Is President Buhari Making 'the Perfect the Enemy of the Good?'

Nigerian President Muhammadu Buhari
Nigeria's President Muhammadu Buhari addresses a plenary meeting of the United Nations Sustainable Development Summit 2015 at the United Nations headquarters in Manhattan, New York September 25. Andrew Kelly/Reuters

This piece was originally published by the Council on Foreign Relations.

President Muhammadu Buhari was elected president of Nigeria on March 31. He was inaugurated on May 29. Yet, he appointed his chief of staff and the secretary to the government of the federation—key positions in any administration—only in August. He still has not made any cabinet appointments, though his spokesmen are promising that they will be announced on September 30.

Meanwhile, the lack of an economic policy team ruffles international investors. The lack of a foreign minister deprives foreign governments their traditional interlocutor. A new and presumably still incomplete personal staff means that presidential mistakes are made. For example, the Nigerian media is reporting chagrin that Nigeria did not attend a meeting organized on the fringe of the UN General Assembly by the UN Under-Secretary-General for Humanitarian Affairs and Emergency Relief Coordinator on internally displaced persons in the Lake Chad basin, most of whom are Nigerians fleeing the depredations of Boko Haram.

Why has the president moved so slowly? First, Buhari, personally incorruptible, campaigned on the basis that he would clean up Nigeria's corrupt governance. He has consistently said he would not appoint the corrupt to his cabinet or his staff. Are his standards too high? The Nigerian media reports that leaders of his political party, the All progressives Congress (APC) are telling them that they are, that he is making 'the perfect the enemy of the good.'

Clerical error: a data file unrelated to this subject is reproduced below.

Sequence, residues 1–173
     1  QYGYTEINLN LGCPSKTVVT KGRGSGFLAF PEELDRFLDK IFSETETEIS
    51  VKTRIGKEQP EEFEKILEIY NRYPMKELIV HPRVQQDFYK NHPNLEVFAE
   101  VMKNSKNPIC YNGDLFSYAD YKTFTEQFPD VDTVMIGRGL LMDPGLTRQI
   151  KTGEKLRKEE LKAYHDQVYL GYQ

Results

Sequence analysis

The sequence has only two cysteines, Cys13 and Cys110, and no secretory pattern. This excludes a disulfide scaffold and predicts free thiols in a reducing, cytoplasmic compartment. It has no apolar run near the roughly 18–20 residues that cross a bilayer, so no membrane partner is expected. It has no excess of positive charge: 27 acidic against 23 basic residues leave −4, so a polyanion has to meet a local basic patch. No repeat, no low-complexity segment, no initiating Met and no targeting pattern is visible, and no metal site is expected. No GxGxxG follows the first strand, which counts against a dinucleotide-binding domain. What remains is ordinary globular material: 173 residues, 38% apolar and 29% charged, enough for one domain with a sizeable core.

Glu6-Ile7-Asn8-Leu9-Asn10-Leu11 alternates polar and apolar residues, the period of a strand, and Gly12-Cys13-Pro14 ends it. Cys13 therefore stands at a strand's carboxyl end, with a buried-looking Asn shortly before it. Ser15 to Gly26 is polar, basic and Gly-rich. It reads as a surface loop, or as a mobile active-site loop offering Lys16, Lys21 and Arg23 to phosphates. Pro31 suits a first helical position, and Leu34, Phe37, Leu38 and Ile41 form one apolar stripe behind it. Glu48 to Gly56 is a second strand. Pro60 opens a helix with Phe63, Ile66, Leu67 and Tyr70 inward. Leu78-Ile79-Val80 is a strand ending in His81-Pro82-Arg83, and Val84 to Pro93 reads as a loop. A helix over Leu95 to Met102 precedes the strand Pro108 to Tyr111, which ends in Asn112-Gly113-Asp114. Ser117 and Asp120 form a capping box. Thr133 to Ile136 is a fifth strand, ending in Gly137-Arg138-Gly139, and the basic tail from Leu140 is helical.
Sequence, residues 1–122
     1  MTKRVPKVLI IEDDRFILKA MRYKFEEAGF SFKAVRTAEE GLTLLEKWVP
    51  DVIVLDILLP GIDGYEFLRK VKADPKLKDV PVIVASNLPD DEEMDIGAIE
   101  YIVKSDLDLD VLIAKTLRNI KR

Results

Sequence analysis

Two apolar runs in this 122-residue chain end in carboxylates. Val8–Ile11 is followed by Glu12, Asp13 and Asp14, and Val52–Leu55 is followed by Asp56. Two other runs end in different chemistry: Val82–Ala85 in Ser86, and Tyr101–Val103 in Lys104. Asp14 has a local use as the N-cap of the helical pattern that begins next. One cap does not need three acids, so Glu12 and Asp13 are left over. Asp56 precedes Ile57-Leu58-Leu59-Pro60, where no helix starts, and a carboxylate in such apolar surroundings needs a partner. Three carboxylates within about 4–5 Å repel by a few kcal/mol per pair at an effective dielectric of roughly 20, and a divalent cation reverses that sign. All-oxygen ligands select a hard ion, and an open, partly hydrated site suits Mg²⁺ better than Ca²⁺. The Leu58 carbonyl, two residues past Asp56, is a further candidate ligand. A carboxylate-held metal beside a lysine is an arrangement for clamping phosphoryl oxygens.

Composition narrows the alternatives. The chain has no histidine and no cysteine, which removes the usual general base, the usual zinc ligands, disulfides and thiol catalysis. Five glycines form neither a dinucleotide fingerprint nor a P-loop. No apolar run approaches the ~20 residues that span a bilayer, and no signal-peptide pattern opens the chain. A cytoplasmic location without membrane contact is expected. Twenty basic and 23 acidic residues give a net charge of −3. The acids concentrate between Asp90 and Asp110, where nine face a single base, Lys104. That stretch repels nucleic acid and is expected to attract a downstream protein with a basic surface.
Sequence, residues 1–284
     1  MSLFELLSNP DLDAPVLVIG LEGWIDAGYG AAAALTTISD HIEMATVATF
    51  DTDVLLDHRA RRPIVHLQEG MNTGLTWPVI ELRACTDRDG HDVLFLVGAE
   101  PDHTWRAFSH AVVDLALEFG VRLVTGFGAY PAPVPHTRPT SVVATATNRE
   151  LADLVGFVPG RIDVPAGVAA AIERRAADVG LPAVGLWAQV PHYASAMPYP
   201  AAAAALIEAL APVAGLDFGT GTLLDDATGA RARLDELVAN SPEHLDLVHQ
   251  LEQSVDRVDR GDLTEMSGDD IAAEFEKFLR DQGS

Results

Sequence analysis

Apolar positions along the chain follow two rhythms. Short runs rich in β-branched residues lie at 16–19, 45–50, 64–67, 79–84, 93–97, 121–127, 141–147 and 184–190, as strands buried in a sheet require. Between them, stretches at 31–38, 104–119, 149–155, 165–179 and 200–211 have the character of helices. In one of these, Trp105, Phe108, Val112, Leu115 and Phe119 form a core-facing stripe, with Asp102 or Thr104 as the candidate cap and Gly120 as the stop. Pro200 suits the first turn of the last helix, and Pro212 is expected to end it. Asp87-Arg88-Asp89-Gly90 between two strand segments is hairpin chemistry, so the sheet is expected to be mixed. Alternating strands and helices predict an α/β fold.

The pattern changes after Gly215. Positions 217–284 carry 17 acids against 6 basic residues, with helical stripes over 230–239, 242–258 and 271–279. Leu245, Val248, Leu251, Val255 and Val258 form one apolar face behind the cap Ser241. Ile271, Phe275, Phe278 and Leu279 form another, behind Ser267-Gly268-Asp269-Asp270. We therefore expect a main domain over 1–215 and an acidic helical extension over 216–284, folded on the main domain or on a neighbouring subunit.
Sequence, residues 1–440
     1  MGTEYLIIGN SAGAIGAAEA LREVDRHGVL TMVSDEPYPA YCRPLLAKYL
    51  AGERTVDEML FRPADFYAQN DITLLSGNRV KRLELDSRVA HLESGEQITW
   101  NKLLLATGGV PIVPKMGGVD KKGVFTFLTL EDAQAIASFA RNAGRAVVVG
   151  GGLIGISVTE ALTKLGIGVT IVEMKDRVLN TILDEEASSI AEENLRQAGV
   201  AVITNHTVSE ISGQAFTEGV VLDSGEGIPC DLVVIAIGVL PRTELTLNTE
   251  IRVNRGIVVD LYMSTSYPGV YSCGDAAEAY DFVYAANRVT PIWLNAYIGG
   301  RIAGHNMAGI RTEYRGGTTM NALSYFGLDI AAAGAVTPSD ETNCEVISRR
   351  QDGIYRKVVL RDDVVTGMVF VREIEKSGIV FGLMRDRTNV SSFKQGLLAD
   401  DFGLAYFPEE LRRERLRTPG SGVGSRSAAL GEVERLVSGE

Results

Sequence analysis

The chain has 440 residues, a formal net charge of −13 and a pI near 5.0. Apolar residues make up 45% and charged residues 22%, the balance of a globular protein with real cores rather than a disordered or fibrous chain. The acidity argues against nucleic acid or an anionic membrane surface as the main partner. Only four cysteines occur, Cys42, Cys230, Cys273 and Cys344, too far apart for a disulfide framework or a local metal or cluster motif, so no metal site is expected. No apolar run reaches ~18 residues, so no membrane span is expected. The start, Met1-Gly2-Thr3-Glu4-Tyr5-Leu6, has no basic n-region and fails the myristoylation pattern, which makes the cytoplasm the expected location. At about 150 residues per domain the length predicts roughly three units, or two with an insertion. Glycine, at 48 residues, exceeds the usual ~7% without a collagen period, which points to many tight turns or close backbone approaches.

Second, Nigeria is a notoriously difficult country to govern. Buhari's APC is a big tent that includes many rivals and factions to be balanced. For example, the Nigerian media reports that Olusegun Obasanjo met with Buhari in New York against the backdrop of the former president's differences with party stalwart and former Lagos governor Bola Tinubu over cabinet nominations.

Third, Buhari has raised the need for structural reforms in government institutions, specifically, the need to reduce the unwieldy size of the cabinet now seventy-two ministers and ministers of state. But, that raises difficult political problems, as under the principle of 'federal character,' each state is entitled to a minister and a minister of state. If cabinet appointments are announced on September 30, it remains to be seen whether Buhari will nominate a complete list. Buhari has also raised the possibility of reducing the number of Nigeria's diplomatic missions because of their cost. But, ambassadorships are an important source of patronage and they, too, are usually distributed more or less equally among the thirty-six states.

Finally, Buhari's presidential electoral victory surprised almost everybodyincluding many in the APC. Hence, there may have been little practical preparation for governing before the elections actually took place, such as advanced consideration of personnel appointments.

John Campbell tracks political and security developments across sub-Saharan Africa for the Council on Foreign Relations.